National Human Rights Commission (NHRC)
Thailand: Call on the Government to be sincere and transparent in the drafting process of the National Action Plan on Business & Human RightsWith Respect to the process and content
Instead of investigating human rights violations, the National Human Rights Commission (NHRC) has been mandated to defend the image of the military government and this new measure is likely to be permanent, said Human Rights Watch. Two weeks ago, What Tingsamitr, the NHRC chairperson, told the media that the commission is initiating an investigation into the human rights report recently released by the US State Department. What stated that according to the 2017 Constitution, the NHRC is responsible for scrutinising reports on human rights in Thailand.
A Sex workers’ rights organisation, a Deep South female football club and an environmentalist have received Women’s Day awards from the National Human Rights Commission. The awards seek to highlight contributions to women’s rights and welfare in Thailand at a time when people around the world are speaking up against sexual harassment, said Angkhana Neelapaijit of the Human Rights Commission. “Many who suffered do not see themselves as victims who must hide in shame from society any longer,” said Angkhana, whose commission handed
The National Human Rights Commission (NHRC) has urged the junta to negotiate with anti-coal protesters after seven hunger strikers were admitted to hospital. On 15 February 2018, the NHRC expressed support for the rally at the UN building, Bangkok. The rally urged the junta to withdraw its plans to build coal-fired power plants in the southern provinces of Songkhla and Krabi.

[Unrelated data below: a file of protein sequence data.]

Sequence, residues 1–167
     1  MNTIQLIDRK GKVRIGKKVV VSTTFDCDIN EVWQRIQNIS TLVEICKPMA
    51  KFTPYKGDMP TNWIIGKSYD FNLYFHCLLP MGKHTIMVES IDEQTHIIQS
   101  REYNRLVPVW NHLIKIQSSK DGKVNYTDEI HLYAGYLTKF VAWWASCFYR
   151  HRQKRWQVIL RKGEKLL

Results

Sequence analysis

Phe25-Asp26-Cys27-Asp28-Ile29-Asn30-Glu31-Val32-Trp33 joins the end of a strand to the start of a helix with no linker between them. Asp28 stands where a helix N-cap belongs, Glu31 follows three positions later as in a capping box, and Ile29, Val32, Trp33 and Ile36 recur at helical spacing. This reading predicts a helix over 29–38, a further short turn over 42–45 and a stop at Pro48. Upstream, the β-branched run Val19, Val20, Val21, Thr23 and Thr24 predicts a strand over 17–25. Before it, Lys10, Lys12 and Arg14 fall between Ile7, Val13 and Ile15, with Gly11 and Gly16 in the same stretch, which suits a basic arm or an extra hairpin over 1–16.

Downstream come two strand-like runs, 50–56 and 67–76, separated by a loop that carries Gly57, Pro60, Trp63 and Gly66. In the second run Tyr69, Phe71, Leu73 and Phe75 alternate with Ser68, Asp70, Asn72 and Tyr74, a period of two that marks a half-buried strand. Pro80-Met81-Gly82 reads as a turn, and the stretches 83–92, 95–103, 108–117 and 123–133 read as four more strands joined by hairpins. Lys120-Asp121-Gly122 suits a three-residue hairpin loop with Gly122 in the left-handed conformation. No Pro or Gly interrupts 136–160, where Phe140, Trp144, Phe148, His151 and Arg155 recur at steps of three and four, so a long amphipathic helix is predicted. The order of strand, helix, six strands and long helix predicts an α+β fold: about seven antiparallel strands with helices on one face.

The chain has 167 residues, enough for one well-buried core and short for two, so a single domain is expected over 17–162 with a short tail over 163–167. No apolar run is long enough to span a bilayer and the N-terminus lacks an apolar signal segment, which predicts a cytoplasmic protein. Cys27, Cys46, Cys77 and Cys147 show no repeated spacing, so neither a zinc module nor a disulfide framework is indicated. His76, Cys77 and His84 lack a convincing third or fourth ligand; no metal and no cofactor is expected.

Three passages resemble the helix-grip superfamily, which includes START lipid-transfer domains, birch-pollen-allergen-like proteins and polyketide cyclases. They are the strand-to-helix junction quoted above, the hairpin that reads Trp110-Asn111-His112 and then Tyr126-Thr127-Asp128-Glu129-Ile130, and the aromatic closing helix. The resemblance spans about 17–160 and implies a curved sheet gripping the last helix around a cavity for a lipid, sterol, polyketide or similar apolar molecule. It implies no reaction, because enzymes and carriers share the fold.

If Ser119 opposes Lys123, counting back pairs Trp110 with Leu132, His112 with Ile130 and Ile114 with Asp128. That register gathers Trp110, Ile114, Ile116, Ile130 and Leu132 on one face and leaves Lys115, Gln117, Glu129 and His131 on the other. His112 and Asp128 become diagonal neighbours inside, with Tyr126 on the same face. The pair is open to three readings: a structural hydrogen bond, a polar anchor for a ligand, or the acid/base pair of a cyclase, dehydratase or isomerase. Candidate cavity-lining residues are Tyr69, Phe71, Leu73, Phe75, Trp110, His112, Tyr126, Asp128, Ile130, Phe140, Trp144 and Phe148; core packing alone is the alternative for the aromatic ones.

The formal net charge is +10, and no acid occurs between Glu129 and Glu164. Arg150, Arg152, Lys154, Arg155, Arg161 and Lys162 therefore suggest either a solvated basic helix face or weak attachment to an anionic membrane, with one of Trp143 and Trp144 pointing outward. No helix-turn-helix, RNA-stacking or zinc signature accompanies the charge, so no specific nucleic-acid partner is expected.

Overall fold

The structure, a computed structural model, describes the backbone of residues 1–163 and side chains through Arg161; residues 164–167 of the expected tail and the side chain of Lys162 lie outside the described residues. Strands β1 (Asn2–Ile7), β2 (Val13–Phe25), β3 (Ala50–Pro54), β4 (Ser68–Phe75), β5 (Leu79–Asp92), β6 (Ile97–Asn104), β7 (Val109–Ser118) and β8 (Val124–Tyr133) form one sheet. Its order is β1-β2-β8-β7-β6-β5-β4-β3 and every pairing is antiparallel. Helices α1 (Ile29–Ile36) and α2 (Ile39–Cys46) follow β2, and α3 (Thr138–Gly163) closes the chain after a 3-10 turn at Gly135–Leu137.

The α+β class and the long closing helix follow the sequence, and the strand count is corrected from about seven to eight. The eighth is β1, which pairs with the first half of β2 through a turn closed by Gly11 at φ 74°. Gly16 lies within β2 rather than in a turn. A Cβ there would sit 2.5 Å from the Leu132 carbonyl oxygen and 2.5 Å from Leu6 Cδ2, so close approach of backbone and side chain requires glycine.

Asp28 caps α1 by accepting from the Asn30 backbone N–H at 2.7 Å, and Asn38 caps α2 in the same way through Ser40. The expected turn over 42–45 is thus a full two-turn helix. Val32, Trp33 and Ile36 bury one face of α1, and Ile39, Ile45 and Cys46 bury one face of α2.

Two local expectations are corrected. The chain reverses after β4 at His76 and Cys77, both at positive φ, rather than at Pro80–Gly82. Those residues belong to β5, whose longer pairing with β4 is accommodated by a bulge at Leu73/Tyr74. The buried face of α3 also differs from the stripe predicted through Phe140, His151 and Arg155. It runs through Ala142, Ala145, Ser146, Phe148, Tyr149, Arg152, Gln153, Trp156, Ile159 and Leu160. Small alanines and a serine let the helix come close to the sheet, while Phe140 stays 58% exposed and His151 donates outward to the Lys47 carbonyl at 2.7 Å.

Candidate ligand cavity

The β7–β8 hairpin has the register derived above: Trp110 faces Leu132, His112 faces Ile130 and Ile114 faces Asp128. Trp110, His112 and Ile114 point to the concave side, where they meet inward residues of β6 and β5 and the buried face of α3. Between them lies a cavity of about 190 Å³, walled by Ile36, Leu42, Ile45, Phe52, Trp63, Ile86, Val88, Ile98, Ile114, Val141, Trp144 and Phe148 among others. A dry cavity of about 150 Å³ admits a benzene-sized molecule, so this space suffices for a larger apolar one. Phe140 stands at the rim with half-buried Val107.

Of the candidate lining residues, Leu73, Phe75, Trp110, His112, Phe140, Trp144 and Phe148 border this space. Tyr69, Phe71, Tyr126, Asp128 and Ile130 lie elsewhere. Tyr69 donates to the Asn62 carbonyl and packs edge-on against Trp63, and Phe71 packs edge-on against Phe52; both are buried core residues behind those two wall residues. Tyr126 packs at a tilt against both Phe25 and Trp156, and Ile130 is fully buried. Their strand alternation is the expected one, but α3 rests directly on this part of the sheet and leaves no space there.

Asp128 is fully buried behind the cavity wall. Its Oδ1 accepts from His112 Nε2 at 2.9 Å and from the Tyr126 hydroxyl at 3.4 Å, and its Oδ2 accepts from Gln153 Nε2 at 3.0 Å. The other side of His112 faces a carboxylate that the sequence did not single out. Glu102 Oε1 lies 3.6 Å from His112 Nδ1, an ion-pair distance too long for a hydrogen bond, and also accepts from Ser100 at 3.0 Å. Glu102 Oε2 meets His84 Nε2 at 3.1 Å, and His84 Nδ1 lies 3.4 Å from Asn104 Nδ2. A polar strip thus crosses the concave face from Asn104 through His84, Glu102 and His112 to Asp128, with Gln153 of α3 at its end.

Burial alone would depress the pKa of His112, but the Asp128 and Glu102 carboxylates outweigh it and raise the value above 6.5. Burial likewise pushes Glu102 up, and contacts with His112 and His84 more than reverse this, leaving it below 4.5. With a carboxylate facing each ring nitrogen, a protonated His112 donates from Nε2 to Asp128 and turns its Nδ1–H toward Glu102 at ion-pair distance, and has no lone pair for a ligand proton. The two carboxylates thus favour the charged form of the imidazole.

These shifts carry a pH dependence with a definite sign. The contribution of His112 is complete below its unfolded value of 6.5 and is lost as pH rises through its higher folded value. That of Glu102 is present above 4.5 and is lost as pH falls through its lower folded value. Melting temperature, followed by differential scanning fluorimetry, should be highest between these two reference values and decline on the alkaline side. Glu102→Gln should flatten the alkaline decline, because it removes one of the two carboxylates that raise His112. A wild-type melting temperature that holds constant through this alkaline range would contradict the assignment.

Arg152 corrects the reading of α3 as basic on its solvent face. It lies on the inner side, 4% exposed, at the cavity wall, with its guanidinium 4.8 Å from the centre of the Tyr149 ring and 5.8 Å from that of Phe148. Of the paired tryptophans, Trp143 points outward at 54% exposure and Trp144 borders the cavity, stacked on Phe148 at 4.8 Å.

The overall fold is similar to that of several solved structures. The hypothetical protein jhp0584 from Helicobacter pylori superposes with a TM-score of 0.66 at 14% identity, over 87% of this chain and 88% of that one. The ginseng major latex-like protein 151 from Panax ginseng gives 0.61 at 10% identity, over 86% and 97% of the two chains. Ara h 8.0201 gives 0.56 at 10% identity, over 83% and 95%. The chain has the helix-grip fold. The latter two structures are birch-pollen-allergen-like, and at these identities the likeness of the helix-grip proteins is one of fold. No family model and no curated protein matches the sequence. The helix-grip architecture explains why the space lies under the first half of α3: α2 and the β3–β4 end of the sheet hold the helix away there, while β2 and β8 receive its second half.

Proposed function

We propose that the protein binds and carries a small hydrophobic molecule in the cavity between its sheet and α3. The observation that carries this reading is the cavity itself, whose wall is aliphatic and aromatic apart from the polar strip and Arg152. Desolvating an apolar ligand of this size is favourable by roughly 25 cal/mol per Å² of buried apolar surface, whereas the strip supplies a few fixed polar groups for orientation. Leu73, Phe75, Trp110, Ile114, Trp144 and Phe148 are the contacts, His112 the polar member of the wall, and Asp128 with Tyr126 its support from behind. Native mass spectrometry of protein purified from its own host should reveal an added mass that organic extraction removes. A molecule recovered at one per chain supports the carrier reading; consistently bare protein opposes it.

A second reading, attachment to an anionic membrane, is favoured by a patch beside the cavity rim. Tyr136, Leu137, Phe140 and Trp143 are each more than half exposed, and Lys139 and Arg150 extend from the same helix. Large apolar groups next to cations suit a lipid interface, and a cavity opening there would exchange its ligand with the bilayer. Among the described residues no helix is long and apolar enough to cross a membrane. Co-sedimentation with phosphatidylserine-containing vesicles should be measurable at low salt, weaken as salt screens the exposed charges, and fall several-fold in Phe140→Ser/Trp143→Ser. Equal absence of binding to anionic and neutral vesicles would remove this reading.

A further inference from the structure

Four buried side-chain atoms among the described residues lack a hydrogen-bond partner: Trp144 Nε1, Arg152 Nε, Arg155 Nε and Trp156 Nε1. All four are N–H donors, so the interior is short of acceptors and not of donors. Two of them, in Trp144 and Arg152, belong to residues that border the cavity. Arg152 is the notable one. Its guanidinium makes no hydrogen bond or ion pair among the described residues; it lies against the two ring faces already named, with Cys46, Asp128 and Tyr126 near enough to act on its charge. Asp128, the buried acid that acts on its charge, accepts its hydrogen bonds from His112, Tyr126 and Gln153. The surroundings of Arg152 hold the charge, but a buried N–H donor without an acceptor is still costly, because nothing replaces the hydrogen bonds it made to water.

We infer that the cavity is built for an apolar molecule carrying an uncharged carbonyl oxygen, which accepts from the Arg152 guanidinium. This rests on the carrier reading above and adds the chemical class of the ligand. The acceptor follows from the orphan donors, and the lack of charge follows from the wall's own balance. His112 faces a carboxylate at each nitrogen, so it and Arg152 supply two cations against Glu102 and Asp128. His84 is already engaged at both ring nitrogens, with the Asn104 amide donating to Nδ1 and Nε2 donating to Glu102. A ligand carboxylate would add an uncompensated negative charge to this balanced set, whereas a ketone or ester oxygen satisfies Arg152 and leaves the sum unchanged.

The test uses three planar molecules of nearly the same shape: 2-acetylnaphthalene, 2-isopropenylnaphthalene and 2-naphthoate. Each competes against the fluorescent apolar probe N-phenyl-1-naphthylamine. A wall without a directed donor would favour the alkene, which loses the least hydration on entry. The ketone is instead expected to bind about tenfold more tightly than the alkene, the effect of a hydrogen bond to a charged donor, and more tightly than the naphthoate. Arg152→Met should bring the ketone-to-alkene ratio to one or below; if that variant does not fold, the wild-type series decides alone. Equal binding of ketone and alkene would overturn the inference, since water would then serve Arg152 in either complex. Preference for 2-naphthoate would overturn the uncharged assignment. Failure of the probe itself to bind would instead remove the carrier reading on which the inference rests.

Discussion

Surat Thani farmers have called for protection from to various government agencies after two companies initiated lawsuits against them and destroyed their corps. On 12 September 2017, 13 farmers from Southern Peasants Federation of Thailand (SPFT) filed a petition to Lawyers Council of Thailand (LCT), Royal Thai Police (RTP), and National Human Right Commission (NHRC) to help them in the lawsuit they are facing. The prosecution against the farmers emerge from a land disput
The ongoing debate on the organic law on the new Thai National Human Rights Commission focuses on the selection process and level of authority of the NHRC, i.e., whether it can advise the Constitutional and Administrative Courts. The regime’s official position is that the NHRC should be more diverse and should meet the international human rights Paris Principles, a somewhat paradoxical position given it was under the regime that the NHRC was downgraded according to the Paris Principles. Civil society also emphasizes greater diversity and that there should be a stronger emphasis on the NHRC investigating human rights abuses.
The drafters of the constitution claim that the new organic law requiring removal of the current National Human Rights Commission (NHRC) would make it more credible internationally. The commission chair disagrees. On 20 June 2017, Meechai Ruchuphan, chairman of the junta-appointed Constitution Drafting Committee (CDC) told the media of the plan to remove the current commissioners at NHRC.
Contrary to the claims of police, two Commissioners of the National Human Rights Commission (NHRC) have found that the recently slain Lahu activist made his living from selling coffee beans not illicit drugs. On 25 March 2017, Angkhana Neelapaijit and Tuenjai Deetes of the NHRC visited the house of Chaiyapoom Pasae of the Lahu ethnic minority who was summarily killed by soldiers on 17 March on suspicion of selling drugs.
The National Human Rights Commission (NHRC) has initiated an investigation into the recent killing of a Lahu activist after the incident raised great concern among both international and domestic human rights organisations. On 21 March 2016, National Human Rights Commissioner Angkhana Neelapaijit stated that the NHRC will collect reports and documents related to the recent summary killing of Chaiyaphum Pasae, She said that the incident has made her lose faith in the Thai
Villagers from southern Thailand have filed a complaint to the National Human Rights Commission (NHRC), claiming that they were harassed by the military for a campaign against construction of a dam. On 21 February 2017, 30 villagers from Tha Sae District in the southern province of Chumphon submitted a complaint to the NHRC office in Bangkok after they were intimidated by the military for protesting against the Tha Sae Dam Project.